The Mozambique Ridge off East Africa is a large oceanic plateau with a north-south length of more than 800 km and an east-west extend between 200-400 km. The top of the plateau emerges up to 3000 m from the surrounding ocean floor of the Mozambique Basin to the east and the southern Natal Valley to the west. However, due to a lack of extensive refraction seismic profiles the internal structure and origin of the ridge is still a matter of controversial debate. The existence of a continental plateau (as proposed by many authors) east of Africa which was possibly once attached to the African continent has far reaching consequences for the opening between Africa and East Antarctica and the development of ocean currents between the Indian and South Atlantic Ocean. However, until now, plate tectonic reconstructions for the breakup of Gondwana between Africa and East Antarctica cannot integrate this continental fragment in a satisfactory way.Precise age information from the ocean floor south of the ridge and the identification of characteristic magnetic anomaly lineations on the ridge can significantly contribute to this debate. This was one of the objectives of the AISTEK-II expedition carried out from Mai to July 2005 with the German research vessel SONNE off southeast Africa and Madagascar. During this cruise, for the first time, systematic high resolution magnetic measurements were carried out in the area of the Mozambique Ridge and in the Mozambique Basin. Precise identifications of magnetic seafloor spreading anomalies could be made in the Mozambique Basin. In general, existing interpretations from various French expeditions could be confirmed, albeit the new data can extend the interpretations further west and enhance the precision of the existing anomaly picks. Thus, with the new data the seafloor spreading history between Africa and East Antarctica can be better constrained using high resolution age information for the ocean floor in the Mozambique Basin and the Riiser-Larsen Sea, Antarctica.The magnetic anomaly data from the Mozambique Ridge have large amplitudes with values of up to 800 nT. Good correlations between the lines are mainly possible at the position of the high amplitude anomalies. Although no unique identification of seafloor spreading anomalies can be made on the ridge several arguments exist in favor of an oceanic origin of this plateau.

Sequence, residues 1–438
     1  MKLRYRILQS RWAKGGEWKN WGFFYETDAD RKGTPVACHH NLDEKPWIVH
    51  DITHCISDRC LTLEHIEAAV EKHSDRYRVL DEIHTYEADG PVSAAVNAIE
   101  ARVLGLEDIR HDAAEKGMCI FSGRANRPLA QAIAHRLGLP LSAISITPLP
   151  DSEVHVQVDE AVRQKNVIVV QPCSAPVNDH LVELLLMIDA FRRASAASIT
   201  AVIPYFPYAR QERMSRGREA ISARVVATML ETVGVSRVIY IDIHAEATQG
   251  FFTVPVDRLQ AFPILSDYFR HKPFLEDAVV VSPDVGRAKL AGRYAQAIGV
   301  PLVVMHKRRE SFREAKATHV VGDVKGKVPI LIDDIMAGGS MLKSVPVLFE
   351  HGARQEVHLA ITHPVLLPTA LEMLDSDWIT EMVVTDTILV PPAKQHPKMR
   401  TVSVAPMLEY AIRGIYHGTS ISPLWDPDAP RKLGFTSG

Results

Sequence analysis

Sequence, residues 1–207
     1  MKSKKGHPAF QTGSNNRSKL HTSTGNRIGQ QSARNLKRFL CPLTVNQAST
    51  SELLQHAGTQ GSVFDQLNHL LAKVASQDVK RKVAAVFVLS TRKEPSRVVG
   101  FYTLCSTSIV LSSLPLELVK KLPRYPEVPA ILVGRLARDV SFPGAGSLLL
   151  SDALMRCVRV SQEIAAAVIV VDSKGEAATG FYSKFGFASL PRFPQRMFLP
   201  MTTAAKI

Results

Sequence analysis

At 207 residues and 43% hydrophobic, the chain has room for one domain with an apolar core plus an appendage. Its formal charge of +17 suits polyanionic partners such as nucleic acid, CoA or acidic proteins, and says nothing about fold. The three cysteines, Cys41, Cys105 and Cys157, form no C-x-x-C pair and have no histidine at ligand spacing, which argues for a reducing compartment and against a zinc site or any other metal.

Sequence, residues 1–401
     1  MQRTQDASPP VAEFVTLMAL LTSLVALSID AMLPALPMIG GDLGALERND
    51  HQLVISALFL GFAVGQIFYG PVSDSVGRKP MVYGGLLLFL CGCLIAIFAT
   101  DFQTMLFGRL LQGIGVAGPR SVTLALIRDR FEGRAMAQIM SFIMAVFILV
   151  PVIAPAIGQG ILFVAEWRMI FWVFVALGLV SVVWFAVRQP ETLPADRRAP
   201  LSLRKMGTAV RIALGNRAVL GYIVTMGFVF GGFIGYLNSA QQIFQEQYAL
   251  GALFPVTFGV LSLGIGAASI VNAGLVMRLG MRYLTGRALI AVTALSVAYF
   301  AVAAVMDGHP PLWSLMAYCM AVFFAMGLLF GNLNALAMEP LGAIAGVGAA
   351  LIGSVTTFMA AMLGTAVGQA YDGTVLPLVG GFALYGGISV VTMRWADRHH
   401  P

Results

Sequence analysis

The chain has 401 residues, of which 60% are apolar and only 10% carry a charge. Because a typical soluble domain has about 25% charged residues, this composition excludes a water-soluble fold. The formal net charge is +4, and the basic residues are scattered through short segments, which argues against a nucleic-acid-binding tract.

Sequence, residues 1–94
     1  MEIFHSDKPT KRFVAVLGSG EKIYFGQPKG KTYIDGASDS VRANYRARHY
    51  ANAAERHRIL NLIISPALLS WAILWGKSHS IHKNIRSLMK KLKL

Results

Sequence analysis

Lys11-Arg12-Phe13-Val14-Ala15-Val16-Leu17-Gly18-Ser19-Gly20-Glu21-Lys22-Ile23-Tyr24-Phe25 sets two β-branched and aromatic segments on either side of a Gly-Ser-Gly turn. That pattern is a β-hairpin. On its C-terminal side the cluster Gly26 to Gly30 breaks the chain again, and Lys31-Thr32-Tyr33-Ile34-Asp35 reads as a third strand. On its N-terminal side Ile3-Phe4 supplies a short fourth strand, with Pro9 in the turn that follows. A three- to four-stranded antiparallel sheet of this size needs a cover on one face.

Helmholtz Research Programs > MARCOPOLI (2004-2008) > MAR2-Palaeo Climate Mechanisms and Variability